In the first five installments of this epic work, we look at all the steps of reloading reasonably accurate rifle ammo, right up this point:
Here we sit with a rack of nicely prepared and primed cases, all loaded with perfect powder charges. All that’s left is to seat the bullets and box them up. How hard could that be?
Bet you thought I would say it’s way hard, then spend a thousand words telling why in detail. Actually, it’s mostly way easy. The hard part is deciding exactly how far in the case to seat the bullet. The bit where we press the bullet into the case? The die deals with that once it’s properly set up. Just load the press and push the handle down!
No, the next thousand or so words will be about setting up the die, mostly. Also, maybe a little about seating depth, and a little about cartridge boxes. Oh.... some about labels too.
Come to think of it, I’ll probably just be babbling along for a while.
Before we can set up the die, we must decide how deep to seat the bullet. This is one subject that can keep reloaders gathered late around the camp fire. Everyone has an opinion, and the weird thing about it is.... most are right. The reason is simple. Every rifle, every bullet, and every load has a sweet spot where the bullet needs to be seated for best accuracy. Arguing about where that spot resides is silly.
Finding the perfect load for a rifle usually means changing one detail at a time, making little adjustments and testing till the recipe is refined. Once all the other factors are worked out, precision shooters will often haul their reloading gear right to the range and test seating depths. Making changes a few thousandths of an inch at a time till the ‘sweet spot’ is found for that load and bullet.
Since we are not loading for precision rifles here, but military surplus weapons, I’ll approach the subject differently.
While a bench rest shooter might be concerned solely with how far his bullet seats compared to the barrel lands, Hi Power match shooters and Mil-Surp hobbyists have magazines to deal with. In addition to that, Military rifles often have long throats the bullet must jump before entering the rifling. Seating to touch the lands, if even possible, usually means the cartridge will not feed from the magazine.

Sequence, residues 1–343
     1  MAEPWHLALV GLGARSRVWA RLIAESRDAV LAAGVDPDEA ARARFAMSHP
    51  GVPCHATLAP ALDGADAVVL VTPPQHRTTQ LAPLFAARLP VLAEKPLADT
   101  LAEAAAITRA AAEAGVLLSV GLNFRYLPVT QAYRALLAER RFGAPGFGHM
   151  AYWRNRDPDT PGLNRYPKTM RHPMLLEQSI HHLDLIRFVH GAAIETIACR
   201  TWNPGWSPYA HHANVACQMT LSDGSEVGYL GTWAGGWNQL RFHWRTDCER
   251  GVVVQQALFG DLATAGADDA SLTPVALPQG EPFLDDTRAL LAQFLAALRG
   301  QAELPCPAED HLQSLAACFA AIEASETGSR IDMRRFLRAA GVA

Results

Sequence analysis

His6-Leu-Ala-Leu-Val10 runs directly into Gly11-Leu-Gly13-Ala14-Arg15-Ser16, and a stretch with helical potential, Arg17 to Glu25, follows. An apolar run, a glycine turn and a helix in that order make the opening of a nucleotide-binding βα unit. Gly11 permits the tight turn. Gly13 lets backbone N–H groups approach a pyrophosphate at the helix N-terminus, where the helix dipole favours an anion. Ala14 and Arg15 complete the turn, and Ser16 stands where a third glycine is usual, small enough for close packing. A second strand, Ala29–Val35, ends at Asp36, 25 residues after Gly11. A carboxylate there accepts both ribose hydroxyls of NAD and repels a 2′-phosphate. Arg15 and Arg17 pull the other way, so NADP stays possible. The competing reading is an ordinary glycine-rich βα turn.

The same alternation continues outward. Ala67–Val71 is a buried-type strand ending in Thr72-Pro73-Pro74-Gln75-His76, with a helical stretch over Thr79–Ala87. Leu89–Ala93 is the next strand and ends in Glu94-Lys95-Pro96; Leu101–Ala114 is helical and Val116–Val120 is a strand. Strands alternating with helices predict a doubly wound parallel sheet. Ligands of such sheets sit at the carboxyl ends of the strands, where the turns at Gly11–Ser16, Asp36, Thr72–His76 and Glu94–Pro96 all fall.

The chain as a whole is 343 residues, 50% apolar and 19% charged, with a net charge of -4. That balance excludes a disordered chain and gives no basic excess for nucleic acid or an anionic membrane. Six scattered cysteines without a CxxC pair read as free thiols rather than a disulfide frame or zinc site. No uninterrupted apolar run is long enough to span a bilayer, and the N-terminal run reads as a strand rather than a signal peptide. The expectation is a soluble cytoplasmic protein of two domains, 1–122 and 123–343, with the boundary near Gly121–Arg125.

We also have to consider another factor. Cartridge handling and durability are an issue.
Bullets seated too shallow can fall free if not treated carefully. On the other side of that coin, bullets seated too far out might engage the rifling on chambering, followed by pulling the bullet out of the case if the bolt is opened. An action full of powder is not a pretty sight!
In my humble opinion, rifle cartridges in the .30 caliber arena should have bullets seated at least one half the neck deep for reliable handling in a target shooting environment.
If defensive or hunting use was the goal deeper seating would be in order. Military loaded ammo usually has bullets seated full depth, at the least.
(The following directions and tips are for setting up a standard RCBS seating die. Specialty seating dies require following the makers directions.)
My methods are really pretty simple. First, mount the die in the press. At this point leave the die very loose. Loose enough that it won’t be doing anything to either the case or bullet when the ram is raised.
Now we insert a case into the shell holder on the press ram. (I like to use a spare case for this step, rather than a match prepared case.)
Raise the ram till the case is fully inside the seating die. If there is any hint the die is impacting the case, lower the ram and unscrew the die a bit. If the die does not touch the raised case, then screw the die down till it just does, then back it off ½ turn and set the lock ring.
The goal here is to have the die fully support the case as much as possible while seating the bullet. Skipping this step, or seating with the case only partially in the die, can contribute to the bullet being seated in a non-concentric manner. Non-concentric means wobbly and wobbly is baaaaddddd.
Now bullet meets case for the first time. With a charged case mounted in the shell holder, set your bullet of choice in the neck. It probably won’t stay there straight as the neck is sized smaller than the bullet diameter. It had better be, anyway, or you grabbed the wrong bullets!
The bullet will probably have to be guided with one hand as the press ram is raised and the assembly runs into the die gently. Take care not to pinch your fingers! The average press can snap your finger like a toy, and it really, really hurts. I know. I don’t want to tell how I know, but I really, really know.
As the bullet and case enter the die for the first time, make sure the seating stem is backed well off. We don’t want to fully seat the bullet here, just nudge it into the case. This will take repeated attempts, tweaking the seater stem a bit at a time. Go slow, and have a bullet handy to match up with the subject, using it to judge how deep in the neck our bullet is being seated.